Through working on, I have realized that the source of our problems as modern men boil down to one thing: a lack of initiation. Since our culture has labelled masculinity in men as destructive and wrong (masculinity in women is considered safe and appropriate), we have systematically deconstructed all avenues of growth that can take a boy through ritual process into the vast realms of Manhood. Postmodernism and feminism have formed a dynamic duo in a grand crusade to dismantle hierarchies, even out differences, make everything equal. In evolutionary terms, this was exactly right and good timing, but we are now ready to move on.

Ken Wilber’s work describes how evolution happens in stages, one building on the other. The next stage for our culture’s evolution requires the rocket blasters of masculine penetration – men working tirelessly for change, empowered by the wisdom of self-inquiry and the vitality of proactive action taken in the world. This must happen in the same way that the conception of our current stage required more feminine and collective values. Now, let’s briefly look at the consequences of not taking this step before we finish up by looking briefly at the movie Into the Wild.

Culture Without the Mature Masculine

When we in good faith collapse all growth structures for boys who wish to be men, we fail to understand that every man with a masculine essence has a great force of energy in him that needs to be cared for and channeled in appropriate ways through ritual initiation by an elder. When we don’t provide for such sacred transformation of the boy’s psycho-emotional makeup, this energy has one of two choices: It can go crazy or it can implode. When it goes crazy, we get criminals, sociopaths, hooligans, neo-nazis, terrorists, or – if lucky – just a plain old jerk, a simple-minded cowboy, or an aggressive guy struggling with addictions. When it implodes, the life force is never acted out, sometimes even causing emotional or psychological damage inside the individual, and the result is a man who feels weak, impotent, and vulnerable. He too may be prone to addictions, as addictions are one of the hallmarks of an uninitiated man. Also, he doesn’t stand up for his rights in a responsible way, and his presence in the world is weak and shaky. There are nuances of these broad strokes, many of which I’m yet to discover, so that is for another time.

Our culture has done a good job of severing men’s connection with their own inner power, so for most modern men, the vitality takes the latter route – which is really no route at all. The casualties, in short order, are: integrity, discipline, service, sacrifice, masculine love, loyalty, the power to stand up against the wrongs of the world in a responsible and proactive way. And in the pockets of nothingness left behind after the Masculine has been exiled, the Feminine pours into the man, resulting in soft, gentle, and emasculated men.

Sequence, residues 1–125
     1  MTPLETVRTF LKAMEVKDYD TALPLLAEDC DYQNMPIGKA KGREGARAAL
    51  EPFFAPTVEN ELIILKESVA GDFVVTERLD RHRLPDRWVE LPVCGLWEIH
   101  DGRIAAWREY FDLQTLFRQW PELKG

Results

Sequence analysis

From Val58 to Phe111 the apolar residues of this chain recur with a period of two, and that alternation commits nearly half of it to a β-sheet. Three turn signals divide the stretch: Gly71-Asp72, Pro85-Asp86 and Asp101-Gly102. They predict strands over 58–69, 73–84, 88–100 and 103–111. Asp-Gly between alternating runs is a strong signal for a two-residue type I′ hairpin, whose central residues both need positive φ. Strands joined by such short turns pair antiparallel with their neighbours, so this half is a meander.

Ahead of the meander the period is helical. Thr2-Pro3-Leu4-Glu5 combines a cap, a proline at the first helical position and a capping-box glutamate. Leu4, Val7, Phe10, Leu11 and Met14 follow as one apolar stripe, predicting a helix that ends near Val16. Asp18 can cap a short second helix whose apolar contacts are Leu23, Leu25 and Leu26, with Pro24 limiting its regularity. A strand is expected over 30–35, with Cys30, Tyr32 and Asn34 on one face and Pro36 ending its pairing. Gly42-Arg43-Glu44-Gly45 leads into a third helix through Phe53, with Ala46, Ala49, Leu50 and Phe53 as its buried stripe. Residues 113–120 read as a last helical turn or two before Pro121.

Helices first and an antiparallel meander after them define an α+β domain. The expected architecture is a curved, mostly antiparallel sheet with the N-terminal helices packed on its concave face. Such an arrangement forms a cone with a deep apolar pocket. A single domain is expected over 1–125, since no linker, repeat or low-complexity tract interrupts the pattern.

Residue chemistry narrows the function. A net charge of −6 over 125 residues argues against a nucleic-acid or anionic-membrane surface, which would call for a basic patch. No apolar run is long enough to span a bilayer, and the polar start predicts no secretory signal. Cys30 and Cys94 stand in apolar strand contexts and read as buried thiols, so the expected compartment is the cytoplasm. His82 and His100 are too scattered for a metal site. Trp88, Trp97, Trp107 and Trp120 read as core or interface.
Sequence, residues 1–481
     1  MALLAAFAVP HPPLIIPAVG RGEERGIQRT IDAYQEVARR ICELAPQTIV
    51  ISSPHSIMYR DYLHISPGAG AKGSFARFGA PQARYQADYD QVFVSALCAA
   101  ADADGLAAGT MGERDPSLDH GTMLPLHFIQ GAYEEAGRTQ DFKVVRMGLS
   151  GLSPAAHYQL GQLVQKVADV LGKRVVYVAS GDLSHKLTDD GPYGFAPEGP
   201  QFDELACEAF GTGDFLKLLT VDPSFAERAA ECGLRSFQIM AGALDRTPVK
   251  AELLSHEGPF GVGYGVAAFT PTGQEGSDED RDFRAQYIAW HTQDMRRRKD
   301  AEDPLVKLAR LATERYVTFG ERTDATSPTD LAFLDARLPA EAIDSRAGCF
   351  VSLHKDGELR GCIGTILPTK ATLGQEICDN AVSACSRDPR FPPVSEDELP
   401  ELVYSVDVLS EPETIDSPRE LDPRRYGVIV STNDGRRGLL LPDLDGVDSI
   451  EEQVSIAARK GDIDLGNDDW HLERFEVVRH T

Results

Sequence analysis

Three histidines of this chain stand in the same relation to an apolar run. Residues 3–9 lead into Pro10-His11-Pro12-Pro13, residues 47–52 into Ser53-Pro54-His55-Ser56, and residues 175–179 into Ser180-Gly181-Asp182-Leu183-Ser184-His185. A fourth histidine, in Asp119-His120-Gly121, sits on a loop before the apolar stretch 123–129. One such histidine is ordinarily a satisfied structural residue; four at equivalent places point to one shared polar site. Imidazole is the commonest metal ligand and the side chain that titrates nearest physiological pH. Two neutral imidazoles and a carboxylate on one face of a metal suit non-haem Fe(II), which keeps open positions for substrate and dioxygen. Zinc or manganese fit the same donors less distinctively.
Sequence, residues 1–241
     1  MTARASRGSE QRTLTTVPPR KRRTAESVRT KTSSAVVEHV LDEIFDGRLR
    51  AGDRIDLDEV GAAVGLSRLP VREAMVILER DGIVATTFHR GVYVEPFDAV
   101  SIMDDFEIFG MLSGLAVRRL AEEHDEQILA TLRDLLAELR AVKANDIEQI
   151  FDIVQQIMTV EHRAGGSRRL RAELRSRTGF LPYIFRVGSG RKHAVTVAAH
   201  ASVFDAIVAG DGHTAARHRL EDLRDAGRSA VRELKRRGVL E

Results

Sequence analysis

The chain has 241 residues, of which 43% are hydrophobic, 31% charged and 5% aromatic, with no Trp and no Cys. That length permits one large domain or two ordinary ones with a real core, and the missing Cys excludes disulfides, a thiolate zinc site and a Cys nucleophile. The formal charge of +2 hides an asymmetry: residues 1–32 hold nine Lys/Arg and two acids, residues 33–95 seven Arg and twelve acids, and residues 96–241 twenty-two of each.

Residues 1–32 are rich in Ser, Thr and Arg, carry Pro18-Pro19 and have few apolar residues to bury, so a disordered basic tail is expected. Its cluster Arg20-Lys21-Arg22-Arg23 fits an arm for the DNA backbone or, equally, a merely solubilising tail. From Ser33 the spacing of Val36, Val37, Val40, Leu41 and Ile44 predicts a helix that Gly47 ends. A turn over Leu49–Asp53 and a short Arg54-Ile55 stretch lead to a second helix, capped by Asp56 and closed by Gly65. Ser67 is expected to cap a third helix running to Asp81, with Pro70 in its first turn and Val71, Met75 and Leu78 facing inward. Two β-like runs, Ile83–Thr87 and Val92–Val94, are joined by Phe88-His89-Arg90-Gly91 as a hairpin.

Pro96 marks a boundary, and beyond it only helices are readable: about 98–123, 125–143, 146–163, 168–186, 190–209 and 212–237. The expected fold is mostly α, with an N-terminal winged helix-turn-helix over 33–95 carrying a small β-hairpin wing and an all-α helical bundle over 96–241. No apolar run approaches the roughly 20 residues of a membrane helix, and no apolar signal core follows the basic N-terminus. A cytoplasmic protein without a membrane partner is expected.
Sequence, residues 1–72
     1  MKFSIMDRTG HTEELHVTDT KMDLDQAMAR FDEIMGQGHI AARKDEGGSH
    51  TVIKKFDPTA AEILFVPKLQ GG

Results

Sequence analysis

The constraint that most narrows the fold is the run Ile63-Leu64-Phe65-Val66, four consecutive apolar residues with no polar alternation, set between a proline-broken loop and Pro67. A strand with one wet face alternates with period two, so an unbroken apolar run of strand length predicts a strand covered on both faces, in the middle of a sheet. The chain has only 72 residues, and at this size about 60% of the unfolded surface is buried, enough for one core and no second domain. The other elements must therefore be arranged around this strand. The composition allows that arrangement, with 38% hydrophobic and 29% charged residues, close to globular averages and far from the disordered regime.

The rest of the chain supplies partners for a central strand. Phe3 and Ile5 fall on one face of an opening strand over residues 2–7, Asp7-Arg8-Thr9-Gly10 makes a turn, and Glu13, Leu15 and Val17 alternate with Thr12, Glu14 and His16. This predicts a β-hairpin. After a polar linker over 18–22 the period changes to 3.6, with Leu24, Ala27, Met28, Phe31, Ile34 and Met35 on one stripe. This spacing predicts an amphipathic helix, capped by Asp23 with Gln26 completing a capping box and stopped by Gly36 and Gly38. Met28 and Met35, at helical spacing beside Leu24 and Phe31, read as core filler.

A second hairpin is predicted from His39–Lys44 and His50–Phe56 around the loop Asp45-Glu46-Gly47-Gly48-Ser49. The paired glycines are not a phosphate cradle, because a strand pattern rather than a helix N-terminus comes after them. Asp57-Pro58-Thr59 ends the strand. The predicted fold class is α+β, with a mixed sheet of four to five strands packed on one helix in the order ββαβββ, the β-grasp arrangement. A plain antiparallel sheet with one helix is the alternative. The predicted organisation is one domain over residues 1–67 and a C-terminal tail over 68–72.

This wouldn’t be a big problem if it happened with the occasional dude, but since it’s so pervasive, these emasculated guys end up in positions of power, even as heads of states and corporations – particularly in more progressive nations such as Sweden and Norway. And although these guys generally have a more evolved ethical base than many of the more traditional modernists, they are too reserved or scared to effect real change.

We get – consider these my personal opinions – politicians who feel no sense of responsibility to live up to their promises, as their immature masculine development make them more concerned with feelings than integrity. We get men who are merely cogs in the machine, who are too afraid to stand up when they see injustice being done. We get endless meetings, billions of tax dollars flushed down the drain, because the majority of the participants are too hung up on their own egoic need for recognition or too afraid of confrontation to actually even consider that we could be brothers, serving the world together for a greater good. We get a world where people and politicians who are at the receiving end of an increasingly gloomy survival scenario will rather put their heads in the sand, still holding on for dear life to comfort and security, than proactively penetrate the problem. These are all parts of human nature, and if we don’t recognize these dynamics in us, we must look deeper.

Learning From Christopher McCandless

Into the Wild is one of the first movies I featured on, and as it is a true story, it was a humbling and emotional honor to work on finding the learning within. The movie, directed by Sean Penn and starring Emile Hirsch, William Hurt, and Vince Vaughn, has been widely romanticized for the adventurous, free spirit of its protagonist Christopher McCandless. True, there is much to like about Chris – his longing for adventure, his big heart, the good people…nature. But the film is first and foremost about the transformation from boyhood to manhood, which given its five evolutionary steps – birth, adolescence, manhood, family, wisdom – it makes no attempt at hiding.

Christopher McCandless is a free spirit that grows up in bondage. His parents are existentially confused, caught in a violent dependancy relationship. They believe in comfort, security, and recognition above all. Chris, on the other hand, wants total freedom of mind, body, and spirit. So he flees from his parents – an event which is described as his own birth – and hits the road. The parents can be seen to symbolically represent the shadow side of modernity – material things over love, man over nature – and on his walkabout, he discovers many people of softer bent. They are good, caring people, for whom love and relationship are the priority. These people fit better into the postmodern, postfeminist context in which many of us now live.